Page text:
I explored stock imagery for the headers for the shipping events, but it was not up to par with the quality of the brand photography, so ultimately, I decided to use the clean and modern Canada Post brand chevron pattern.
For marketing emails, header images would relate to specific campaigns or events discussed in the emails.
I had designed the new typographic scale for the design system, which I carried over to use to support the content hierarchy in email. Similar to the website, I recommended embedding our digital brand font (Roboto) into the emails, and after some inquiry with the email platform support people and running some tests with the developer, we found a way to make that possible.
Buttons and links
I used the same button and link styles from the design system.
I matched the footer styling to the website for all templates, although the legal content for the footers changes between the different categories.
The most important principle for transactional email content is to set up an effective hierarchy of information, communicate clearly and let users know what action they should take if needed. Canada Post speaks directly to the user with a warm conversational tone for instruction. The typographic system ensures that content is easy to scan.
Phase 1 feedback
Once I had designed several concept templates for each email category, it was time to check in with the different stakeholder groups to ensure that the design system met their needs.
I circulated the email audit and case study with the designs to the stakeholders so that they would understand the foundation and rationale for the designs. Then, I ran four separate review sessions with the Marketing, Parcels, Product and FlexDelivery stakeholder groups to get their feedback.
While there were several questions and a few requests for minor adjustments, the review process went positively. Providing the audit and the case study with the outline of the design process helped to set expectations and support the designs.
Content design/development of parcel shipping emails
Once I had confirmation from stakeholders that the design approach worked for the entire range of emails, I moved on to focus on producing the group of transactional emails that notify the shipper and the receiver of various events in the journey of a parcel.
Scope and goals
There are 18 different templates in this group. Each template has variable information triggered by different scan codes connected to “events” (operational stages) for parcels in the shipping process. The goal was to re-design and re-write the content for each template, to match current digital design and content standards.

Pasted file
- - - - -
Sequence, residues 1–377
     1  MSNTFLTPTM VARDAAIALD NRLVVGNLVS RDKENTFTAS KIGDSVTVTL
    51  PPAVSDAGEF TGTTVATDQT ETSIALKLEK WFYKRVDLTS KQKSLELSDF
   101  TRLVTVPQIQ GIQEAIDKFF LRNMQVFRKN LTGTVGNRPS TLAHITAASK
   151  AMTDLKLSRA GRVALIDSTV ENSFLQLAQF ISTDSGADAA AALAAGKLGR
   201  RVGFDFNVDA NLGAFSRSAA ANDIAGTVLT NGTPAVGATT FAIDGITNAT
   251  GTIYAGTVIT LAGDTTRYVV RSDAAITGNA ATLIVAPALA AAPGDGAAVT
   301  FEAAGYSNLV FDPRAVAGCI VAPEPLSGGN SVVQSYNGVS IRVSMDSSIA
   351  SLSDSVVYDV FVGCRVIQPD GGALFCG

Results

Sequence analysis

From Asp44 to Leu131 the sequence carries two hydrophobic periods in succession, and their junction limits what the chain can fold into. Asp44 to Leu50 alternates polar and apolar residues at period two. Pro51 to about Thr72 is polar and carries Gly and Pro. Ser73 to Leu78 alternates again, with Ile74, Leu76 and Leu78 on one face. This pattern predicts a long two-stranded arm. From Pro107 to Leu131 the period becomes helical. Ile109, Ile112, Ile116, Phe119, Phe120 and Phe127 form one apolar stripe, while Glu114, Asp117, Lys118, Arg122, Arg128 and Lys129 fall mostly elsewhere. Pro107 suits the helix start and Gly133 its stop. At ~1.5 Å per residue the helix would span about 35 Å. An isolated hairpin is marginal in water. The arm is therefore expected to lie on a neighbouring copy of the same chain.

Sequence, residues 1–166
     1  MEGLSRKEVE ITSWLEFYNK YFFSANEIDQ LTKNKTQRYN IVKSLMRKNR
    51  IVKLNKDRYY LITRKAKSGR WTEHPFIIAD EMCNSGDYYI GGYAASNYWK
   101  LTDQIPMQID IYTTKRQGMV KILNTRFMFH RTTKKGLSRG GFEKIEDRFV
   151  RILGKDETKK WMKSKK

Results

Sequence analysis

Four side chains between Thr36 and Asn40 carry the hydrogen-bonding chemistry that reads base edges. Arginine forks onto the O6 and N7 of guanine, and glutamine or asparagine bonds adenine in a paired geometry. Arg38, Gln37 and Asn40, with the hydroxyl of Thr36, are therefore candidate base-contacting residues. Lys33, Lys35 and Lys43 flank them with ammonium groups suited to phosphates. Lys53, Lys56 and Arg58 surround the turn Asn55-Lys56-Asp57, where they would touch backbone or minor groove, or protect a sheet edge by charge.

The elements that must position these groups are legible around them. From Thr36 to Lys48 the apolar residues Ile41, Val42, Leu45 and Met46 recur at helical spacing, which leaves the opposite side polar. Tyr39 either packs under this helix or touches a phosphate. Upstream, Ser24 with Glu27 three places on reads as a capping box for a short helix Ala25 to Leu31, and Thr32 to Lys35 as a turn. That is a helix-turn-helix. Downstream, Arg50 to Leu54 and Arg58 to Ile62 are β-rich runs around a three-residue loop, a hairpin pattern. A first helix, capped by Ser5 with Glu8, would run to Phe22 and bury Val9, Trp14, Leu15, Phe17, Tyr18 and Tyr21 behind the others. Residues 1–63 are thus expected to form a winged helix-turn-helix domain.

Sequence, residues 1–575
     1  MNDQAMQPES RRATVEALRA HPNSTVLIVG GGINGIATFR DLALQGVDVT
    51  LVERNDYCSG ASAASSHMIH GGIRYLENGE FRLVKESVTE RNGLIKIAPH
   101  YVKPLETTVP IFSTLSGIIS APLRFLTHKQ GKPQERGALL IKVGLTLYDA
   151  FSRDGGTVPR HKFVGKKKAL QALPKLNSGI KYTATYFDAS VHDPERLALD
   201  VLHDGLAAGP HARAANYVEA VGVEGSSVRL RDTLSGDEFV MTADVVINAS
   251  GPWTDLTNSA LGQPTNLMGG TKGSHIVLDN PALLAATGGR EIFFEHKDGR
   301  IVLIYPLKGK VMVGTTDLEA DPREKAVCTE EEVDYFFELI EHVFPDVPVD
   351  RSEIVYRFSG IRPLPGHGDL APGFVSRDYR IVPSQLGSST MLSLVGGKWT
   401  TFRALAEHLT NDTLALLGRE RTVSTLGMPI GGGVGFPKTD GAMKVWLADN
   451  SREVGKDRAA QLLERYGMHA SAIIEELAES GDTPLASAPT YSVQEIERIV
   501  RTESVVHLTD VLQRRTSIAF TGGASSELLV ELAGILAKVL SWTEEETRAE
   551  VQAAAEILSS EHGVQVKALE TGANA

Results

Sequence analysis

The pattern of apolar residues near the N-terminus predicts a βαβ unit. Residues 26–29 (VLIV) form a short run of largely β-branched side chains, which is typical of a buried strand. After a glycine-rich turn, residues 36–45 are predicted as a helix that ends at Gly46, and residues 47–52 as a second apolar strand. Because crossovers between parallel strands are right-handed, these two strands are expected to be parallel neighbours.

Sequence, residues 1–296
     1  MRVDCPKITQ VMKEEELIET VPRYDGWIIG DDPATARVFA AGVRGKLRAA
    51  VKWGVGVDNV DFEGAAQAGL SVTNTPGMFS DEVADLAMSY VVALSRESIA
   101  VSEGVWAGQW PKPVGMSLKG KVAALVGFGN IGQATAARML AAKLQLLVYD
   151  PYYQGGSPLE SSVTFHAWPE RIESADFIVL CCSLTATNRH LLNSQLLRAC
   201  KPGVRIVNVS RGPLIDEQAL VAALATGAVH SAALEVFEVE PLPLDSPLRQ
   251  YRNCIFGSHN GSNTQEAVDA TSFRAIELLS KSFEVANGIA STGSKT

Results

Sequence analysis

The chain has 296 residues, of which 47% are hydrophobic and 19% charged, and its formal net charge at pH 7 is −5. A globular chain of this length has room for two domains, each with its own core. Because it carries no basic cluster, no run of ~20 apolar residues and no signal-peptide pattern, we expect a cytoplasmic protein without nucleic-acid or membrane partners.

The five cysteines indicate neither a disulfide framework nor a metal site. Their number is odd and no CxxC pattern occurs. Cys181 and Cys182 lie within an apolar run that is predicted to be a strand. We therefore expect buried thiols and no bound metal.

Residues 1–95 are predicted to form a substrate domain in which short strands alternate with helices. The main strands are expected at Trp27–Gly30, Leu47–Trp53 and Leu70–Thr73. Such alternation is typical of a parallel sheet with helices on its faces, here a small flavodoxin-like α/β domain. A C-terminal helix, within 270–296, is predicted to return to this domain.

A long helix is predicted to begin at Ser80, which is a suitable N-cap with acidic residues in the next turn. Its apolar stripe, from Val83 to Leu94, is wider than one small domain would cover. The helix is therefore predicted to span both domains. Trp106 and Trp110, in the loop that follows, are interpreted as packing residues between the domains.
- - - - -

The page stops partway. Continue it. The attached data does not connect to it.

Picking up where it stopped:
What we did
My writer Laurie and I reviewed a massive operational document with tables of technical code data, and pulled out the information that goes into each of the 18 templates. Laurie rewrote the content to sync with the language used by the content team: simple, clear, friendly, active. I designed the email layouts, trying to arrive at the optimal visual hierarchy that connected the needs of users receiving information, with the details of the shipping operation process.
Because of the complexity of parcel operations and their need to be precise with the content, I facilitated a one day workshop session with the Parcels team to go through the first draft of the the designs to make sure it met their communication needs.
Themes and challenges
Canada Post’s parcel operations has a MILLION details, many of which are very relevant to the operations team, but not important to the everyday user
These emails have two user groups: the people receiving them are both the shipper and the receiver — so the content had to make sense for both groups at once, which for some of the templates presented a tricky language design problem.
We had to work hard to strike a balance between being precise and general while avoiding operations language that doesn’t make sense for regular humans. The result was that the content evolved to be stylistically quite minimalist.
If you have a Canada Post account, sign up for marketing emails or receive parcels through the mail, you’ll see that the rollout has occurred: you’ll receive modern, mobile responsive emails, consistent with the new Canada Post digital design system, with easy to scan information and a clear course of action.